Copyediting.com recently posted a tip on how to cite a book read on a Kindle or other similar e-reader,1 noting that with the lack of page numbers in such electronic editions this was a “peculiarity” that editors could use guidance on. They provided the guidance offered by the Chicago Manual of Style and the Publication Manual of the American Psychological Association. They noted that the AMA Manual of Style was “quiet on the subject.”
Not liking to remain quiet for long, Stacy Christiansen, our manual’s “Tweeter,” sent a tweet2 using the same example used in the Copyediting.com tip. To wit:
Barr C; senior editors at Yahoo. Shape your text for online reading. In: The Yahoo Style Guide. Kindle ed. New York, NY: St Martins Griffin; 2010.
Tweets don’t allow much space to delve into the finer points, such as how multiple specific citations in this book could be referenced in a single manuscript, which would also help readers who are not seeking the citation on a Kindle find the specific citation. Here is a little more information for a more specific citation, indicating not only the chapter name but also the paragraph number within the chapter:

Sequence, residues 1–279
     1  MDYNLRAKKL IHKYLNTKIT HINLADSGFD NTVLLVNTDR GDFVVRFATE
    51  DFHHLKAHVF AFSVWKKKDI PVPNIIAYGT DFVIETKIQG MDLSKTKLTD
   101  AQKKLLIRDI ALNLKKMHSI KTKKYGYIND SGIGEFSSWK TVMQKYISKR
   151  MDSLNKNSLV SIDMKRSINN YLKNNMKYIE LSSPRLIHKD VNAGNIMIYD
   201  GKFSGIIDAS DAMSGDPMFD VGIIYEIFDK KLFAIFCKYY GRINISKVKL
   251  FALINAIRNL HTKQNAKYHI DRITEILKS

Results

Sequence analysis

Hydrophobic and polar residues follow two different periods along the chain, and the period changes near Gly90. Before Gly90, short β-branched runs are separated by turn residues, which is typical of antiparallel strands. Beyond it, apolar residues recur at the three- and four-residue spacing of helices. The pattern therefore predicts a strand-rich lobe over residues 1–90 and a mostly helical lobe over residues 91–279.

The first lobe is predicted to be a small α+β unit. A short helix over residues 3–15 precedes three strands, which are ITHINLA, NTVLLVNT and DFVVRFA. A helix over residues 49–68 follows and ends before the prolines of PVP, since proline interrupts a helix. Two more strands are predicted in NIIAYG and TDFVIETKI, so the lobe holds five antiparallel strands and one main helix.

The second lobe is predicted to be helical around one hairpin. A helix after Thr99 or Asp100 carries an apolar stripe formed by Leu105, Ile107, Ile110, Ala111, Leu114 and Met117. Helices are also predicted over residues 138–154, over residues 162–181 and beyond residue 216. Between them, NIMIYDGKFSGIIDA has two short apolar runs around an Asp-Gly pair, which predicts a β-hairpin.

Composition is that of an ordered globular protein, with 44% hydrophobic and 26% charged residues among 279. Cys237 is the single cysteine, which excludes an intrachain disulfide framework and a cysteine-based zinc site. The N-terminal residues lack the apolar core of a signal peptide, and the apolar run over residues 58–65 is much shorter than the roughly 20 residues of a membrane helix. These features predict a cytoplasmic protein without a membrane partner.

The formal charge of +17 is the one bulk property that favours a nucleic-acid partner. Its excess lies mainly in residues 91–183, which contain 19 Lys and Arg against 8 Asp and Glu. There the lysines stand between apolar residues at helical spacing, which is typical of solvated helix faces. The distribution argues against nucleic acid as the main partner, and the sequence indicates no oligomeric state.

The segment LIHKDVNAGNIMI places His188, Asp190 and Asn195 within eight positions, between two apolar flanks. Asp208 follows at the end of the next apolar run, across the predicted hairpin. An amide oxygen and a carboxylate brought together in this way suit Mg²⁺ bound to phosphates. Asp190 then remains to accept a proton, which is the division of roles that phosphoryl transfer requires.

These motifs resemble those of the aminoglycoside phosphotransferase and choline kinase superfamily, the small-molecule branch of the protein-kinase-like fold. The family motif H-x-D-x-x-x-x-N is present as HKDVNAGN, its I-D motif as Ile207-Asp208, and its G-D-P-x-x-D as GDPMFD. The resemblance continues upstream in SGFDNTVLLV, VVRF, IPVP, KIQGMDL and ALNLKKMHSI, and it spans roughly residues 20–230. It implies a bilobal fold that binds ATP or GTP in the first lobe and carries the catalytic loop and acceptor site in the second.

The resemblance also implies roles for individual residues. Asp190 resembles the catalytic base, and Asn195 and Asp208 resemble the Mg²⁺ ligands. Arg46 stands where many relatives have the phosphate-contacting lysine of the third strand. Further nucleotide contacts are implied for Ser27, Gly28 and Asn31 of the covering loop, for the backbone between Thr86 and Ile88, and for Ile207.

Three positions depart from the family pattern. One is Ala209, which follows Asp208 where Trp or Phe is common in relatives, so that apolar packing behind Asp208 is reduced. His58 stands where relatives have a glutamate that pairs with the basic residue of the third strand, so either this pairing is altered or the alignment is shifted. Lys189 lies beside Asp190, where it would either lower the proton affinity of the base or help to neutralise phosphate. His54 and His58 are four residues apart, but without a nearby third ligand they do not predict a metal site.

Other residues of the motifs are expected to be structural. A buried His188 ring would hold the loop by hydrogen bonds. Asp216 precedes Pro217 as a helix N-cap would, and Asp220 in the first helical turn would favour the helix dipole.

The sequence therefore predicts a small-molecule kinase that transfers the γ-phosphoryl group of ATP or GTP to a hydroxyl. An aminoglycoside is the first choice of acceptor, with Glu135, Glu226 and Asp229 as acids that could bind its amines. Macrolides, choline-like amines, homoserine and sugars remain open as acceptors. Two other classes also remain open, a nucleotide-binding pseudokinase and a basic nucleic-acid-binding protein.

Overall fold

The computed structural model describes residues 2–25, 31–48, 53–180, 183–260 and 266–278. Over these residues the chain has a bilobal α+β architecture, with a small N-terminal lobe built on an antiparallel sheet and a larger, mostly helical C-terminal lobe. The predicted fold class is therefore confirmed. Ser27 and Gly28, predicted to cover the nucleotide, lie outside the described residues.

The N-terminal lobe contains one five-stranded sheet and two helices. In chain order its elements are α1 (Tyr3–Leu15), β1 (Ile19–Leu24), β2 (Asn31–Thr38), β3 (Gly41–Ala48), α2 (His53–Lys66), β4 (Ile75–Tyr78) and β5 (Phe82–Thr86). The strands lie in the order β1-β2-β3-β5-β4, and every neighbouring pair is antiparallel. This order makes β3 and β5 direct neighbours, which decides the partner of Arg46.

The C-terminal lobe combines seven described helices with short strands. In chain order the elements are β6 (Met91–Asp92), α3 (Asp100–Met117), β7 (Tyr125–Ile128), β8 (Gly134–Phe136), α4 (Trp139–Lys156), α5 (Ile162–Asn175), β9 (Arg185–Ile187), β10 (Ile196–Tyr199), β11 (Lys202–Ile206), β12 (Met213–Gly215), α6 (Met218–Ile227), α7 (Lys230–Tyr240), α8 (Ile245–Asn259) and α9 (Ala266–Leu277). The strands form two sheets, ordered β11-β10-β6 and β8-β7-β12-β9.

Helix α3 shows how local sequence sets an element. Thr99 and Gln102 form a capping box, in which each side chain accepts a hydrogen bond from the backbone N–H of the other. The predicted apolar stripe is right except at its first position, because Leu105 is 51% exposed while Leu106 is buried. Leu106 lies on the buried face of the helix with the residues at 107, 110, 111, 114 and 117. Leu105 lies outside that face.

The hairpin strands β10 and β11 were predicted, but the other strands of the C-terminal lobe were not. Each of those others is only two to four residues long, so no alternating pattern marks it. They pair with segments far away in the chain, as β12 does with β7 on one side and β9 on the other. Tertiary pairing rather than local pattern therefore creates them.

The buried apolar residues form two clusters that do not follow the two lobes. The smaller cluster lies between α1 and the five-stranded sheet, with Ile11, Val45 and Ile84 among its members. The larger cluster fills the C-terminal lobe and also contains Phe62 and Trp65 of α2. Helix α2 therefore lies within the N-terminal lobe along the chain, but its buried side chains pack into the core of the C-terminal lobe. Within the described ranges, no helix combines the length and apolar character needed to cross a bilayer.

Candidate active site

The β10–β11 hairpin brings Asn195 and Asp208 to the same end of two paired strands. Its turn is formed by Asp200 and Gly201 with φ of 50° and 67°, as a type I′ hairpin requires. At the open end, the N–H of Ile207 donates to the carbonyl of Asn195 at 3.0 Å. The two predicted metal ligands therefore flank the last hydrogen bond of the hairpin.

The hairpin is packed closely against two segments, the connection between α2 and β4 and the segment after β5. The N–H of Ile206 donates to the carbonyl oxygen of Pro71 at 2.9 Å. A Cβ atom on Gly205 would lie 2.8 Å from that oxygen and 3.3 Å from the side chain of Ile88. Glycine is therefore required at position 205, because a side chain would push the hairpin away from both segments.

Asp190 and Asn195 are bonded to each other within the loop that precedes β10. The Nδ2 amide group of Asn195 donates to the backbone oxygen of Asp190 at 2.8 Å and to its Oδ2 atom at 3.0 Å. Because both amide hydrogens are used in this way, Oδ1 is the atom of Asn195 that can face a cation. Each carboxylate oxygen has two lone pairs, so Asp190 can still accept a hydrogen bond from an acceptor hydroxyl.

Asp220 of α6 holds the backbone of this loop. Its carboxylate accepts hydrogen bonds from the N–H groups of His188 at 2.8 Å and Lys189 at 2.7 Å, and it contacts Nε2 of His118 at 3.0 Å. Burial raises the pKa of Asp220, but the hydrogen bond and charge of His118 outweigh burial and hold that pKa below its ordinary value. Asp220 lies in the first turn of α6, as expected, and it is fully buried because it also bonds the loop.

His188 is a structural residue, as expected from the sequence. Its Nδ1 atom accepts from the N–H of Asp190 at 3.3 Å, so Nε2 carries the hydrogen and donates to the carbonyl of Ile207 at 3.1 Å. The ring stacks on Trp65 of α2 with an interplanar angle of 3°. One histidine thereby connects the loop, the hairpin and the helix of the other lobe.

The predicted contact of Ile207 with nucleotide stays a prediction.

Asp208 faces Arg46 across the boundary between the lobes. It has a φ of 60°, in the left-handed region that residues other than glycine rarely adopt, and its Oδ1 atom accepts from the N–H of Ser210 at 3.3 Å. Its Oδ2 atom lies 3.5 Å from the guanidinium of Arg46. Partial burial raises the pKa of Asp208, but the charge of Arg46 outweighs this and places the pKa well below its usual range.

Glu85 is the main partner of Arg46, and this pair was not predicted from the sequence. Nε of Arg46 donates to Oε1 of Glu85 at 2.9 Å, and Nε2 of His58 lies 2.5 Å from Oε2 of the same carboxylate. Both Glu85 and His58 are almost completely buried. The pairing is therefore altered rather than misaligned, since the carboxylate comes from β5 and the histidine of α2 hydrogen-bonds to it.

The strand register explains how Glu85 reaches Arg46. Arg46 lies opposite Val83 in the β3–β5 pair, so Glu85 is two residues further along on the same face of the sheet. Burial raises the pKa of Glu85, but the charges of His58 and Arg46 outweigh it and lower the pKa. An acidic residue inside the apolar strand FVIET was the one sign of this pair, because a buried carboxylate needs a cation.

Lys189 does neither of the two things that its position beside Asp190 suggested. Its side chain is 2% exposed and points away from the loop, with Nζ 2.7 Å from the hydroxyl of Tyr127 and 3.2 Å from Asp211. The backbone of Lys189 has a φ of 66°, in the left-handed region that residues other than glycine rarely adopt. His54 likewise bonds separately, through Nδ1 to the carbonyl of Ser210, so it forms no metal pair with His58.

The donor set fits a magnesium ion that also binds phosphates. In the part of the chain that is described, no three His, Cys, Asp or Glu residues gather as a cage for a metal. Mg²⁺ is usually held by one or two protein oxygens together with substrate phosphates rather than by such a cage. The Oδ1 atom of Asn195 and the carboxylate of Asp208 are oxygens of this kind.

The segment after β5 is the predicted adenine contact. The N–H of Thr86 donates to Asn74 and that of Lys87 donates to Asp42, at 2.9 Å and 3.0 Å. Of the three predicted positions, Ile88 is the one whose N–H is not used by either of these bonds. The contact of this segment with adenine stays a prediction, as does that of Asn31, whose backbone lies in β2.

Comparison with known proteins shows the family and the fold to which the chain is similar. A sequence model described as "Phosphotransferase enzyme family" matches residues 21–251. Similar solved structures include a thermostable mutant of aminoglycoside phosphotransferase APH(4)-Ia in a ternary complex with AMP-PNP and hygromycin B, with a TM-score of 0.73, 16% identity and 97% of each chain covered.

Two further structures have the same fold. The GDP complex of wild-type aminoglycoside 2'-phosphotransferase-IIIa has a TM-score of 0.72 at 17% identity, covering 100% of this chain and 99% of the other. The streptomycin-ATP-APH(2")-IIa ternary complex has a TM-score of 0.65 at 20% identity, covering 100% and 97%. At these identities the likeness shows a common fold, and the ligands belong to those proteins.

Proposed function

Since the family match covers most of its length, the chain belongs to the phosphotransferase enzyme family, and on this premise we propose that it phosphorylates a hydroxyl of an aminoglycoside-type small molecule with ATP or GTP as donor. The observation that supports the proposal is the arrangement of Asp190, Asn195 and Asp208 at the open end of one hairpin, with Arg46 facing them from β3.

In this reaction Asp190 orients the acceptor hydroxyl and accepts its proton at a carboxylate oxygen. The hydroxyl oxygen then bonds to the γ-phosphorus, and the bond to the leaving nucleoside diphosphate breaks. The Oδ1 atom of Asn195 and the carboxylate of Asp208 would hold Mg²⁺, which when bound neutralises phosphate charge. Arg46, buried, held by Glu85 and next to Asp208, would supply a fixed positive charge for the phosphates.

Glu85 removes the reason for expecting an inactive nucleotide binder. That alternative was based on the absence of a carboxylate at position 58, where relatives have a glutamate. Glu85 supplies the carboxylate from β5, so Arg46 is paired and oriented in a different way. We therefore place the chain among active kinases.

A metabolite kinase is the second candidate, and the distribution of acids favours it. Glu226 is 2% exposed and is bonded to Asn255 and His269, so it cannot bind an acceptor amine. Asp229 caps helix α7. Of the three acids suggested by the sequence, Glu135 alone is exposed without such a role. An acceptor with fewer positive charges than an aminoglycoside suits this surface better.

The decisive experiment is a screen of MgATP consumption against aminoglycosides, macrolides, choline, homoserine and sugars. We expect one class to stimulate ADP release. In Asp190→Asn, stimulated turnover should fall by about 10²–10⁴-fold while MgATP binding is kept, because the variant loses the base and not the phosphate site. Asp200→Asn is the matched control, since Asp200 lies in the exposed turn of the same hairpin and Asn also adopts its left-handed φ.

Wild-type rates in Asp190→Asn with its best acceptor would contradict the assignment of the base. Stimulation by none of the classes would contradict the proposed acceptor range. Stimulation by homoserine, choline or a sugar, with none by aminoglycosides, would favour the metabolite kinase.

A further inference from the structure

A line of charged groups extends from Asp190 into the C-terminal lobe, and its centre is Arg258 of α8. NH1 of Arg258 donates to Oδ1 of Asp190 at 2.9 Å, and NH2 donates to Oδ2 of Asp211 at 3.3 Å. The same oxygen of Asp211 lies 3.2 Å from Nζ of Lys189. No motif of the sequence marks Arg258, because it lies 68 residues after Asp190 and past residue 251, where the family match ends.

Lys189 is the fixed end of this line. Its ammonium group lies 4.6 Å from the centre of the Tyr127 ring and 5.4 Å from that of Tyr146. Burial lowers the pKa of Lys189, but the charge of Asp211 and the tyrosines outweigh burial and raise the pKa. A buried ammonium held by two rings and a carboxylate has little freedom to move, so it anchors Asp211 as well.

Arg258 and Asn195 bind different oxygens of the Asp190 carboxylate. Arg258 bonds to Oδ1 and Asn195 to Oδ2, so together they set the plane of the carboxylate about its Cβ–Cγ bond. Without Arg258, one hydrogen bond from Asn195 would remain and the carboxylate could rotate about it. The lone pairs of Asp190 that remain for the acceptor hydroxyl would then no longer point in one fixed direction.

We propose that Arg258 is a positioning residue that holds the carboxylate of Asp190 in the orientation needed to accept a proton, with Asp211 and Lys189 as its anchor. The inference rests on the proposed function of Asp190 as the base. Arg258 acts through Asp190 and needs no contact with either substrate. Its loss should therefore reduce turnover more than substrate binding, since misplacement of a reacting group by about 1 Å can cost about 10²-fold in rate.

Barr C; senior editors at Yahoo. Shape your text for online reading. In: The Yahoo Style Guide. Kindle ed. New York, NY: St Martins Griffin; 2010:¶1.
An article in the New York Times3 indicated that this question is of interest to more than manuscript editors—for example, to members of a book group, some of whom read the book under discussion in print and others of whom read it on an electronic reader, but all of whom want to be able to be “on the same page” when they are discussing the book. Furthermore, this desire has been taken seriously by Amazon, which markets the Kindle. The article noted that the Kindle “will now supplement its ‘location numbers’ with page numbers that correspond to physical books.”
Bravo, we might say. The author of the article, however, offers a different perspective by saying that the attempt to “incorporate cues to keep people grounded in what has come before [eg, the page number] or scrap convention completely” is a dilemma for designers of these new technologies. So, as we leap to the future, some of us still find it useful to keep one foot in the not-so-distant past. And there’s a word for that (also noted in the article): skeuomorphs. Long may we live and long may we leap (with glee but caution).—Cheryl Iverson, MA
1. Nichols W. Copyediting Tip of the Week: Citing electronic editions. Copyediting blog. Posted January 18, 2011. http://www.copyediting.com/copyediting-tip-week-citing-electronic-editions. Accessed May 7, 2012.
2. To cite an e-reader. http://twitter.com/AMAManual/status/32154562768928768. Posted January 31, 2011. Accessed May 7, 2012.
3. Brustein J. Why innovation doffs an old hat: Breakthroughs like the Kindle and the iPad retain cues to keep users grounded in what came before. New York Times. February 13, 2011;Week in Review:2.